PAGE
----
To implement the first step, we are going to define a tiny implementation of water.AbstractH2OExtension, which will try to load XGBoost native libraries. The core extension does nothing except signal availability of XGBoost on the current platform (i.e., not all platforms are supported by XGBoost native libraries):

package hex.tree.xgboost;

public class XGBoostExtension extends AbstractH2OExtension {
  public static String NAME = "XGBoost";

  @Override
  public String getExtensionName() {
    return NAME;
  }

  @Override
  public boolean isEnabled() {
    try {
        ml.dmlc.xgboost4j.java.NativeLibLoader.load();
        return true;
    } catch (Exception e) {
        return false;
    }
  }
}

Now, we need to register the extension via SPI. We create a new file under META-INF/services called water.AbstractH2OExtension with the following content:

hex.tree.xgboost.XGBoostExtension

We will not go into details of the second step, which will be described in another blog post, but we will directly implement the last step.

To expose H2O-specific REST API for XGBoost Java API, we need to implement the interface water.api.RestApiExtension. However, in this example
we take a shortcut and reuse existing code infrastructure for registering the algorithm’s REST API exposed via class water.api.AlgoAbstractRegister:

package hex.api.xgboost;

public class RegisterRestApi extends AlgoAbstractRegister {

  @Override
  public void registerEndPoints(RestApiContext context) {
    XGBoost xgBoostMB = new XGBoost(true);
    // Register XGBoost model builder REST API
    registerModelBuilder(context, xgBoostMB, SchemaServer.getStableVersion());
  }

  @Override
  public String getName() {
    return "XGBoost";
  }

  @Override
  public List<String> getRequiredCoreExtensions() {
    return Collections.singletonList(XGBoostExtension.NAME);
  }
}

And again, it is necessary to register the defined class with the SPI subsystem via the file META-INF/services/water.api.RestApiExtension:

hex.api.xgboost.RegisterRestApi

REST API registration requires one more step that involves registration of used schemas (classes that are used by REST API and implementing water.api.Schema). This is an annoying step that is necessary right now, but we hope to remove it in the future. Registration of schemas is done in the same way as registration of extensions – it is necessary to list all schemas in the file META-INF/services/water.api.Schema:

hex.schemas.XGBoostModelV3
hex.schemas.XGBoostModelV3$XGBoostModelOutputV3
hex.schemas.XGBoostV3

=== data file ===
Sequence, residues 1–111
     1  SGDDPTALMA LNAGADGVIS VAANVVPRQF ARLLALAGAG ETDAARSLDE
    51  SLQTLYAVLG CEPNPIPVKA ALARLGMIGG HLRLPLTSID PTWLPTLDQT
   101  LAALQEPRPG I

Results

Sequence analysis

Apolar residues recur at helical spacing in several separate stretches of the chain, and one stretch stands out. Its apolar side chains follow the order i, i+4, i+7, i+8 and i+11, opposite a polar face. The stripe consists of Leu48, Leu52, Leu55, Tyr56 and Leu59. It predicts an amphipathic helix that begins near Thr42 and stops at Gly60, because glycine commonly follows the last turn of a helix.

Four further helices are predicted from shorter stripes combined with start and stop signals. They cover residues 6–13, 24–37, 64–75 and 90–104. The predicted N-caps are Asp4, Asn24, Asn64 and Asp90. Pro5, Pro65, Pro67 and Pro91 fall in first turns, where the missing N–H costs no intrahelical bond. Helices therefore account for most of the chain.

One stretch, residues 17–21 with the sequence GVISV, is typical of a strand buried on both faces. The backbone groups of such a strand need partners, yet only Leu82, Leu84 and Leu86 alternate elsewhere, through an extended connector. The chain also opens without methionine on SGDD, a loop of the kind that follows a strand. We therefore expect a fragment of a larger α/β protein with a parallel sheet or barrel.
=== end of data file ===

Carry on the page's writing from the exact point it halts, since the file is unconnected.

hex.schemas.XGBoostV3$XGBoostParametersV3

From this point, the REST API definition published by XGBoost model builder is visible to clients. We compile the code and bundle it with H2O core code (or put it on the classpath) and run it:

java -cp h2o-ext-xgboost.jar:h2o.jar water.H2OApp

During the start, we should see a boot message that mentions loaded extensions (XGBoost core extension and REST API extension):

INFO: Flow dir: '/Users/michal/h2oflows'
INFO: Cloud of size 1 formed [/192.168.1.65:54321]
INFO: Registered parsers: [GUESS, ARFF, XLS, SVMLight, AVRO, PARQUET, CSV]
INFO: XGBoost extension initialized
INFO: Watchdog extension initialized
INFO: Registered 2 core extensions in: 68ms
INFO: Registered H2O core extensions: [XGBoost, Watchdog]
INFO: Found XGBoost backend with library: xgboost4j
INFO: Registered: 160 REST APIs in: 310ms
INFO: Registered REST API extensions: [AutoML, XGBoost, Algos, Core V3, Core V4]
INFO: Registered: 230 schemas in 342ms
INFO: H2O started in 4932ms

The platform also publishes a list of available extensions via a capabilities REST end-point. A client can get the complete list of capabilities via GET <ip:port>/3/Capabilities:

curl http://localhost:54321/3/Capabilities

Or get a list of core extensions (GET <ip:port>/3/Capabilities/Core):

curl http://localhost:54321/3/Core

Or get a list of REST API extensions (GET <ip:port>/3/Capabilities/API):

curl http://localhost:54321/3/API

Note: We do not modularize R/Python/Flow clients. The client is responsible to self-configure based on information provided by the backend (e.g., via Capabilities REST end point) and fails gracefully if the user invokes an operation that is not provided by the backend.

For more details about the change, please, consult the following: